Divide and conquer: Canadian environmental protection

Earlier this week, I joined many Canadians in celebrating the Ontario government stepping in to support the Experimental Lakes Area for a year.

Stephen Harper claimed the federal government didn’t have the funds to run the facility, which came to ~$2 million per year. Fairly  ironic in the face of the latest Auditor General’s report which notes that $3 BILLION in anti-terrorism funding has gone astray, or given reports that the Conservative’s Economic Action Plan advertising budget cost us over $20 million in 2011-12.

The ELA is a federal research program that’s been running for 50 years, and has been instrumental in producing key scientific results that have informed policy on acid rain, mercury pollution, eutrophication in Lake Winnipeg, and many other troubling freshwater issues. When news of its imminent closure surfaced, people from all over the globe – and with a huge variety of personal interests in the program – took action. Thanks in large part to the efforts of Diane Orihel, they were successful (for now), though it’s not clear what will happen in 2014 when the one-year reprieve expires.

Many people – including myself – thought that Harper would eventually see the error of his ways and restore ELA funding. Given this latest development, however, I suspect Harper actually got exactly what he wanted.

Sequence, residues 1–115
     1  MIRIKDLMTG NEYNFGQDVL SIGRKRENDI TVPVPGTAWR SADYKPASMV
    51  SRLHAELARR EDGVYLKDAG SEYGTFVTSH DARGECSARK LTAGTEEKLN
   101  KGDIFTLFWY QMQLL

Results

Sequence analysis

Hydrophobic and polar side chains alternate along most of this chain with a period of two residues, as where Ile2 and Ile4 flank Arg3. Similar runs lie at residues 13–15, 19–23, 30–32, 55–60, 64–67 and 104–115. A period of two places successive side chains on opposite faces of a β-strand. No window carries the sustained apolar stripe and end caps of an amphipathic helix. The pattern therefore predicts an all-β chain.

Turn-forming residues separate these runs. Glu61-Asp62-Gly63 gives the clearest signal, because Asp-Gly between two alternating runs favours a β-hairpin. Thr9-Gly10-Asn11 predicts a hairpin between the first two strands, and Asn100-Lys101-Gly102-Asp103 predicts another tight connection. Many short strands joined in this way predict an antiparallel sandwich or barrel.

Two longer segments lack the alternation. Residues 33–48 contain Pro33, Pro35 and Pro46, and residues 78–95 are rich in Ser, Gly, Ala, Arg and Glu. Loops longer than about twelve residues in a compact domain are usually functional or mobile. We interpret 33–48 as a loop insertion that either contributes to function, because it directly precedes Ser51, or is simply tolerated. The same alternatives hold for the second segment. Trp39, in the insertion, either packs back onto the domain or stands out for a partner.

Cancel a well-respected international research program and refuse to budge on your decision. At the 11th hour (or maybe in this case the 13th hour), Ontario takes over – downloading responsibility from the Federal government to the province. Ottawa is in the clear.

The same can be said of the Prairie Farm Rehabilitation Administration (PFRA). Set up in the midst of the Dirty Thirties, it was designed to improve agricultural practices to sustain the industry in the long term. The PFRA has developed shelterbelt programs, come up with farming practices to retain snow and topsoil, and developed water projects for irrigation. Their grazing land management program is seen as critical to maintaining threatened natural grassland habitat in the Prairie provinces.

Despite these successes, the federal government is shutting the PFRA down. Trevor Herriott’s evocative and fact-filled feature article in the Globe & Mail covers the details, but the short version is that the Conservatives have decided that the community pastures have ‘met their goals’. Trouble is, managing grasslands isn’t something you do for 77 years and then quit, saying it’s all good. It’s an ongoing process – particularly with continuing changes in climate and agricultural practices. But it’s not Harper’s problem anymore – again, he’s offloaded it to the provinces.